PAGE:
Two cyclists die at Argus!


New Member
Jan 24, 2002
I heard it was HOT but read below....D*MN!!! :'(

Second Argus cyclist dies
Posted Tue, 12 Mar 2002

A second victim of Sunday's Argus Pick 'n Pay cycle tour, halted early as temperatures soared to 42 degrees Celsius, has died in Cape Town.

Johan le Roux (34), of Brackenfell, who suffered a heart attack after suffering heat exhaustion, died in the Constantiaberg Medi-Clinic on Monday afternoon.

Race organisers said Le Roux, who had ridden two previous tours, collapsed unconscious on Edinburgh Drive on his way back to the finish line.

A man who collapsed minutes after finishing the ride was airlifted to Milnerton Medi-Clinic where he also died in the early hours of Monday morning.

The Cape Argus identified him as Clyde Windram (40) of Welkom.

Dr Basil Bonner, medical director of the tour, said Windram was a seasoned cyclist with six tours to his credit.

On admission to hospital, his core body temperature was 41 degrees Celsius.

"His family said that he had been training and was determined to make this his best cycle tour time," said Bonner.

His wife also did the cycle tour.

Intense heat on the Cape Peninsula halted the race at 3pm on Sunday when officials feared they could not cope with the massive wave of dehydration among the cyclists.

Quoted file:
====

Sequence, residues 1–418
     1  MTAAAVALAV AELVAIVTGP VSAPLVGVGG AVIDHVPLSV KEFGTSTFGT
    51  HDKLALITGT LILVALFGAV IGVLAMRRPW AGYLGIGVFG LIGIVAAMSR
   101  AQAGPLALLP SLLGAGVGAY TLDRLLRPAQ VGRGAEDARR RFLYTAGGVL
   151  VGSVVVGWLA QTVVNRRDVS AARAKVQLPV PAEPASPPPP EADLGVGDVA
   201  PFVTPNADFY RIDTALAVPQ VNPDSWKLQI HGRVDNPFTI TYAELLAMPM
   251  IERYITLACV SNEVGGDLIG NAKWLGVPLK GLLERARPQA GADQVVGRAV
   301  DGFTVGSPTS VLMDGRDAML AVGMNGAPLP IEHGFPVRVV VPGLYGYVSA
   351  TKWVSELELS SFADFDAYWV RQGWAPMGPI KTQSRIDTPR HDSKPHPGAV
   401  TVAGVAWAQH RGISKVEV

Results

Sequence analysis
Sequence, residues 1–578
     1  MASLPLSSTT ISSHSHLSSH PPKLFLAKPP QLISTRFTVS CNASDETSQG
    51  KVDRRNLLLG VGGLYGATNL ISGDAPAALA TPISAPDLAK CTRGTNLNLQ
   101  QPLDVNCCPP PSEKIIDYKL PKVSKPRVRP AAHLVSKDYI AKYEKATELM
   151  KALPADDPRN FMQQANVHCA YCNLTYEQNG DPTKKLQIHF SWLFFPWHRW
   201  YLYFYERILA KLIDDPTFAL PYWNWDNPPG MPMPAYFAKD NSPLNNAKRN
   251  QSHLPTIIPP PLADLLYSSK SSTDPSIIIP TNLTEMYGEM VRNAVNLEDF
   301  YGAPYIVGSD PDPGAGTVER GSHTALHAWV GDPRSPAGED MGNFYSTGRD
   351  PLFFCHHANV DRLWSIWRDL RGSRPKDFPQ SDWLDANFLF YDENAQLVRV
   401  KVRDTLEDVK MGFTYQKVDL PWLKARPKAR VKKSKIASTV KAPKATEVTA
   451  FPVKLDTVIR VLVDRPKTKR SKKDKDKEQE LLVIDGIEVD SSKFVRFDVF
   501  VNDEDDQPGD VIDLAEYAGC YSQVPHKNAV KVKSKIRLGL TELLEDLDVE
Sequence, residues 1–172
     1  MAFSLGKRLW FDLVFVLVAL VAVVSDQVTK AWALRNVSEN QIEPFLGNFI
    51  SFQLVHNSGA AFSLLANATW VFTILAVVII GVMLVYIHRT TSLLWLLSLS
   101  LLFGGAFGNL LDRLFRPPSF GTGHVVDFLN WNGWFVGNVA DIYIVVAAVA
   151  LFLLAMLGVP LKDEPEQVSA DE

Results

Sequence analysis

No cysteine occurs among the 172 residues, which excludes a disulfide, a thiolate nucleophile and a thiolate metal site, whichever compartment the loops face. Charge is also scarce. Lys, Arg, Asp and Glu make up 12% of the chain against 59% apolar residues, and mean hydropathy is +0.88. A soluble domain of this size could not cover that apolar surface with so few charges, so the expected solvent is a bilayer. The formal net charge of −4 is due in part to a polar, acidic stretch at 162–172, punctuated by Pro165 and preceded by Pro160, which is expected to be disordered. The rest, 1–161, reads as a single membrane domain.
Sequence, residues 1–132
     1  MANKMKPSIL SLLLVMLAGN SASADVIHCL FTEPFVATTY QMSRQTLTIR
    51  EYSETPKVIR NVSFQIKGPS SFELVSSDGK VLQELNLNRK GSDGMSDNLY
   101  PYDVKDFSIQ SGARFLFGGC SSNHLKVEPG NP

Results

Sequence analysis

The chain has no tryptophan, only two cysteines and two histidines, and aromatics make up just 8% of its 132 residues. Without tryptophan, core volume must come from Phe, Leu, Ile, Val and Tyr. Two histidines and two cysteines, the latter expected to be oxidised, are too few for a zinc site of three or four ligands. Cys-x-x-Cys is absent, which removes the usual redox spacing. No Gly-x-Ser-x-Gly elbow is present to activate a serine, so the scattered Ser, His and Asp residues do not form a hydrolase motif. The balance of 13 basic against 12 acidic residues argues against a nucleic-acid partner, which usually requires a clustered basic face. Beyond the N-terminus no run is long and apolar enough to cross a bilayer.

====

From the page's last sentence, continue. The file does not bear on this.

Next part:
It was the first time the event had been stopped in its 10-year history.

Bonner said that in total, 129 cyclists were examined in emergency units across the city, of whom 32 were admitted to hospital and 12 of those to intensive care.

Most of those still in hospital were expected to make a good recovery with two to three patients being "seriously ill at this stage with heat-related injuries".

He said four patients were still on life support.

Twenty-five cases of moderately severe dehydration were treated during and after the race, and five cyclists suffered from heat stroke.

Trauma cases accounted for ten head injuries and 15 leg and arms fractures.

Race organisers said the forecast for the day had been 29 degrees Celsius with a moderate south-westerly wind, perfect conditions for cycling.

"While every medical eventuality has been planned for, particularly medical emergencies, weather conditions on the day cannot be controlled," said David Bellairs, co-chairman of the tour.

"Our contingency plan which was invoked to deal with the heat-related crisis worked well." - Sapa
one more rider died this morning I believe, with a fourth still critical and not looking good. Thank goodness the organisers had the guts to pull the plug, who knows how many more would be in trouble... :'(

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